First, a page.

Deemed Conviction for a violation ticket

You can get a deemed conviction for missing a deadline

Congratulations to Ana Chamgoulova on successfully overturning a deemed conviction for her client. Ana is an articled student at Acumen Law Corporation and she argued at the BC Supreme Court that a judicial justice unfairly denied her client, Aldo Junior Danny Grossi, an extension to dispute a violation ticket.

I commend Ana on a job well done and the facts of this case serve as a lesson on the importance of fully explaining yourself in an application to appeal a deemed conviction.

What is a deemed conviction?

A deemed conviction is when a court automatically finds you guilty of an offence. A court can give you a deemed conviction either if you do not dispute a violation ticket within 30 days, or if you do not attend a scheduled court hearing. If you fail to do one of these two things, a court takes this to mean you do not want to dispute the ticket and, therefore, plead guilty.

You are not completely out of options if you receive a deemed conviction, as we shall see in this case, however, it does make things more difficult.

Missed deadline

Mr. Grossi received a violation ticket stemming from an accident. Two months after the accident, the police served him with a violation ticket for driving without due care and attention, using an electronic device, and an unsafe lane change.

Mr. Grossi tried to obtain disclosure from the police for the next six weeks to understand why the ticket was issued. Once he got the disclosure he was advised he would need to file an affidavit for a late dispute because the 30-day deadline had lapsed.

Mr. Grossi applied to extend the 30-day dispute period for a violation ticket. A judicial justice denied the application, so he missed the deadline and a deemed conviction was entered. The judicial justice denied his request for an extension on the grounds that he provided “no arguable defence” in his application to overturn the deemed conviction.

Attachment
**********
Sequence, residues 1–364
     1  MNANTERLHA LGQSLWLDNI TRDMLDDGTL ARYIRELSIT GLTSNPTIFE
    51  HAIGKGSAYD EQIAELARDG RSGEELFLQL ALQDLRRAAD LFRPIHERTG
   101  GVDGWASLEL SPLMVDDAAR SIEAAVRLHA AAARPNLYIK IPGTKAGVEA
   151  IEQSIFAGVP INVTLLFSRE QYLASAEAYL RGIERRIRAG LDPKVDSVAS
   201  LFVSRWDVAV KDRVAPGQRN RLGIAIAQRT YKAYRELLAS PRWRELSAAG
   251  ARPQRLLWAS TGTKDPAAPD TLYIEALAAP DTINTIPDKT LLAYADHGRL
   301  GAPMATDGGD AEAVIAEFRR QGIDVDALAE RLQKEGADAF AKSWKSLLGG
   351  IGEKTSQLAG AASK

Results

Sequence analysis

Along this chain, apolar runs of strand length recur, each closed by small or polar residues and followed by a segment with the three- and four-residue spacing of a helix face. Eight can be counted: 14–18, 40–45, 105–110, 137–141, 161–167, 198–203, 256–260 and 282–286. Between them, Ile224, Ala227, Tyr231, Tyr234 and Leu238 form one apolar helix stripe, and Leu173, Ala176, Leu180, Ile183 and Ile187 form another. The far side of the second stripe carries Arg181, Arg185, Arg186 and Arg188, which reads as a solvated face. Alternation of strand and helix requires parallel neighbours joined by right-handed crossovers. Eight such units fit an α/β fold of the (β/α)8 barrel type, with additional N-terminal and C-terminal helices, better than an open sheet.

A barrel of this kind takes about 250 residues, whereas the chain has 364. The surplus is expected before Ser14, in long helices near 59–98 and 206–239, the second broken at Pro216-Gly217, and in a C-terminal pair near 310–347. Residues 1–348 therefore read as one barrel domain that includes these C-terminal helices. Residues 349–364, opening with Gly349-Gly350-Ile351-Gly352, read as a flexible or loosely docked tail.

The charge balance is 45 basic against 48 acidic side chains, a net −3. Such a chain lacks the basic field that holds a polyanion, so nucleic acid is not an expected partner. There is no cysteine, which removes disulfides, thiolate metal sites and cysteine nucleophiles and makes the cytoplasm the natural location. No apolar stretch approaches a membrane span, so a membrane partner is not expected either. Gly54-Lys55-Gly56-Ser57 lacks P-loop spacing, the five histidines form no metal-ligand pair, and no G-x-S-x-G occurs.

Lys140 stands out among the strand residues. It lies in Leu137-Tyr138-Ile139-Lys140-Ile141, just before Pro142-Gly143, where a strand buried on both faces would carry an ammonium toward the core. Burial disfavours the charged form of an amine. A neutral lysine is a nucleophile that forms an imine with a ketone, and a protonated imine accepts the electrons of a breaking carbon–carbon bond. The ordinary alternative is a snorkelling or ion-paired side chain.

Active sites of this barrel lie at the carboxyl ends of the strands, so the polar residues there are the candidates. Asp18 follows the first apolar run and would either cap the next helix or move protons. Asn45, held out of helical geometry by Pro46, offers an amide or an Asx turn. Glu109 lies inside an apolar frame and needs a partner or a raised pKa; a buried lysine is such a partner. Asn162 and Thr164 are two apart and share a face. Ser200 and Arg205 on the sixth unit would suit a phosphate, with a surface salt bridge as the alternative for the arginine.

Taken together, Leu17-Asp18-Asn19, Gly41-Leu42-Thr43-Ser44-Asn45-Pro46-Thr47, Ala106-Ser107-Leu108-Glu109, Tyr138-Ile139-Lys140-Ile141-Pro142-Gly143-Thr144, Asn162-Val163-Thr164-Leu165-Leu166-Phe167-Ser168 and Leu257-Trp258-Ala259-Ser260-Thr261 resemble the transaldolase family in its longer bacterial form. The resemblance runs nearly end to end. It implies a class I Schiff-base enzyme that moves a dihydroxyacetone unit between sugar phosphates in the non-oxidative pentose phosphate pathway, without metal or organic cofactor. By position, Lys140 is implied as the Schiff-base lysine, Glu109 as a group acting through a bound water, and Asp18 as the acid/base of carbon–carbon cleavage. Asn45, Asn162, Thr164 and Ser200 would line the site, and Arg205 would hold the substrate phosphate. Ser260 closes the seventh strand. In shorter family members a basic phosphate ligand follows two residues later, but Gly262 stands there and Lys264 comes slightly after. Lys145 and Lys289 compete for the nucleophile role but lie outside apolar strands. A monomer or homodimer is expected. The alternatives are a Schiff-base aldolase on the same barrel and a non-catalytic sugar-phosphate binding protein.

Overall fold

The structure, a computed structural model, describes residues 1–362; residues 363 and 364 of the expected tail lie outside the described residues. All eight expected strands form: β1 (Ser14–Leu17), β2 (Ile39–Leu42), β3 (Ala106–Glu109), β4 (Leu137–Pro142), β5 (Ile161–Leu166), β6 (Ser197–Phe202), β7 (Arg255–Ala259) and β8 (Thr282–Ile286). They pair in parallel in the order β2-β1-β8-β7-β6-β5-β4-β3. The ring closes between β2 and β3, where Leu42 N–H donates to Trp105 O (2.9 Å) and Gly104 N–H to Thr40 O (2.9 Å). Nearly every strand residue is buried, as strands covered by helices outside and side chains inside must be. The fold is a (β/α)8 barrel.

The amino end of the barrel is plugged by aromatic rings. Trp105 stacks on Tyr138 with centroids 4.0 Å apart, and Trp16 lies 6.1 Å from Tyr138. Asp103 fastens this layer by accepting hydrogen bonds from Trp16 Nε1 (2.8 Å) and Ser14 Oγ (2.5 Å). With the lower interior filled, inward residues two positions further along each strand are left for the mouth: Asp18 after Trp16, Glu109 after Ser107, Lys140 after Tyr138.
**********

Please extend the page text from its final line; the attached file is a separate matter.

Ana Chamgoulova, on behalf of Mr. Grossi, argued that the refusal of the extension was unreasonable and should be set aside. She said he had a genuine intention to dispute the ticket before the deadline but could not do so due to the delays in the ticket being issued and the police handing over the disclosure.

The Supreme Court judge had to decide if Mr. Grossi’s application, contrary to the judicial justice, did contain an arguable defence. The judge concluded that it did because it stated the officer who issued the violation ticket did not see the accident and based it on the word of another driver involved in the accident. The judge, therefore, set aside the deemed conviction and ordered a date to dispute the violation ticket.

One important thing to learn from this is that it is important to fully explain your reasons and your defence in your application to overturn a deemed conviction. As Mr. Grossi found, judicial justices can deny your application even if you have a valid reason why you missed a hearing or a deadline to appeal.

If you want to appeal a deemed conviction, it’s important you get it right. That’s why it’s a good idea to get legal advice before doing so.

If you need help with a deemed conviction for a violation ticket, give me a call on 604-685-8889.

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